A Taste of Herb Is Already a Denton Staple

Categories: Last Night

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Ed Steele
Just off one of the finest little town squares in North Texas, a recurring series of free gigs is starting to draw a real following. At 5:30 p.m. on every other Tuesday, an insanely early time for a gig in Denton, some unlikely heroes take to the stage in the form of a Herb Alpert and His Tijuana Brass tribute band. Yes, A Taste of Herb are a six-piece with a rotating lineup and a dazzlingly deep selection of Herb Alpert tunes in their playbook.

Of course, if you ask some of the members of the audience, it's every Tuesday, or mainly Thursdays, or they're confused as to why ATOH aren't on the other side of the square at Gerhard's, or even at Sweetwater Tavern. Put it this way: This Herb Alpert tribute act has an early evening following, and these people will follow the brass wherever in Denton it goes.

The Herb crowd could definitely be described as senior to the usual Denton crowd of college kids and men with incredible beards, although there are some of those thrown in too, but by the time I get there, just five minutes after ATOH take to the stage at Dan's that looks appealingly decrepit even in the blazing sunshine, all the tables are occupied, full of white-haired ladies and gentlemen tapping their toes to the rhythms and smiling along.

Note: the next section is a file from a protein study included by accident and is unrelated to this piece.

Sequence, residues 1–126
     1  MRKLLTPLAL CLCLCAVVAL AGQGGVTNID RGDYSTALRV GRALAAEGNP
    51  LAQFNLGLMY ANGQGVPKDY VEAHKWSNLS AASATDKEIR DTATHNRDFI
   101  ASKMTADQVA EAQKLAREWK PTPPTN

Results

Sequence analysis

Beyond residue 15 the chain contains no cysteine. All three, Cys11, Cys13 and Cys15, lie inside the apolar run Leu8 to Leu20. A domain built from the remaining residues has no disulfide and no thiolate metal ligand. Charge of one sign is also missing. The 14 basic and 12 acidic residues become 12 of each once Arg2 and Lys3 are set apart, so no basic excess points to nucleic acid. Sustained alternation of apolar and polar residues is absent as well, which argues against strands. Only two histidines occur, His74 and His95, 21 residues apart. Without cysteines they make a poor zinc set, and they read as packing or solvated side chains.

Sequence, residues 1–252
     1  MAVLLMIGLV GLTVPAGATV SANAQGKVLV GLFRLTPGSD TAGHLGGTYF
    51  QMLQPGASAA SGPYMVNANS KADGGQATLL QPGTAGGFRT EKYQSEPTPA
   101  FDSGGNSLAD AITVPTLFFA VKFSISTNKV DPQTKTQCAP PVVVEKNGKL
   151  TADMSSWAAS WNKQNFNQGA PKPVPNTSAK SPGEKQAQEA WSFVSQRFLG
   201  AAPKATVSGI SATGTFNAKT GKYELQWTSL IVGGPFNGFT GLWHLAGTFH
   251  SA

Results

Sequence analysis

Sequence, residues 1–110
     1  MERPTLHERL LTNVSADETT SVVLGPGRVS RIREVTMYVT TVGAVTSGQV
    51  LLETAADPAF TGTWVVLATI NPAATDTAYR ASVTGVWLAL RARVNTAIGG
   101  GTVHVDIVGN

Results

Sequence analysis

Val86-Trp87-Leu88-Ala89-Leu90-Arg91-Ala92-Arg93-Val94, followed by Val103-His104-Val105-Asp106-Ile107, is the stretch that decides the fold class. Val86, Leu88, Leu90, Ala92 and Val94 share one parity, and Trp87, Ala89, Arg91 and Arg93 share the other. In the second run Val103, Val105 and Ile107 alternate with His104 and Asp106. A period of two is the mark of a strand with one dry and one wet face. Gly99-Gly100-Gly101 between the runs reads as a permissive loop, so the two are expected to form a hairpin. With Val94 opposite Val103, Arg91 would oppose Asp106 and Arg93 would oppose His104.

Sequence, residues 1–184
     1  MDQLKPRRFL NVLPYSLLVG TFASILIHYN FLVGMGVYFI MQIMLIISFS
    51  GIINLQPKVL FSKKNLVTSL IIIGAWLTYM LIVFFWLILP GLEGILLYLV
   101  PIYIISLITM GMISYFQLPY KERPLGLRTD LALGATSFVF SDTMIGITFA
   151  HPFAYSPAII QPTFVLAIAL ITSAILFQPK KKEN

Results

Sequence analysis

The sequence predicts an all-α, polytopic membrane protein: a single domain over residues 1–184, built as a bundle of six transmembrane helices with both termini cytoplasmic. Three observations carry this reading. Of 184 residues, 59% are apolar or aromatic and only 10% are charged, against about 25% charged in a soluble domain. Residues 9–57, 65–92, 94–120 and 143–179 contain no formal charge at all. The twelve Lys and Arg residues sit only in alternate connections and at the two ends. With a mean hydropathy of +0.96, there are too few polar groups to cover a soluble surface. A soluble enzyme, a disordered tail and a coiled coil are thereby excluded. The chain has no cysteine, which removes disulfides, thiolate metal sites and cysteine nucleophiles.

It would be cruel to attribute everyone's confusion as to where ATOH regularly play to their age, so let's just assume ATOH play all over Denton all of the time, which I would imagine is made easier by the availability of substitute players in the event that the band's full-time cast can't make it (from my previous time watching them bust out some Alpert, only the two brass players and percussionist remained).

Regular members or not, these guys know their stuff. A two-hour set with only a short break is no mean feat for a free gig in the late afternoon heat (Dan's is more shaded than particularly air conditioned), even if the music is the fluffy easy listening Herb's brass spent their careers serving up. It's not like the music itself is complex stuff: It requires no microphones or soundboard, just a fine appreciation by the band of relative acoustics. A guitar solo here, two percussionists there, some wordless choral tenor chanting elsewhere, and baby, you got a stew going.


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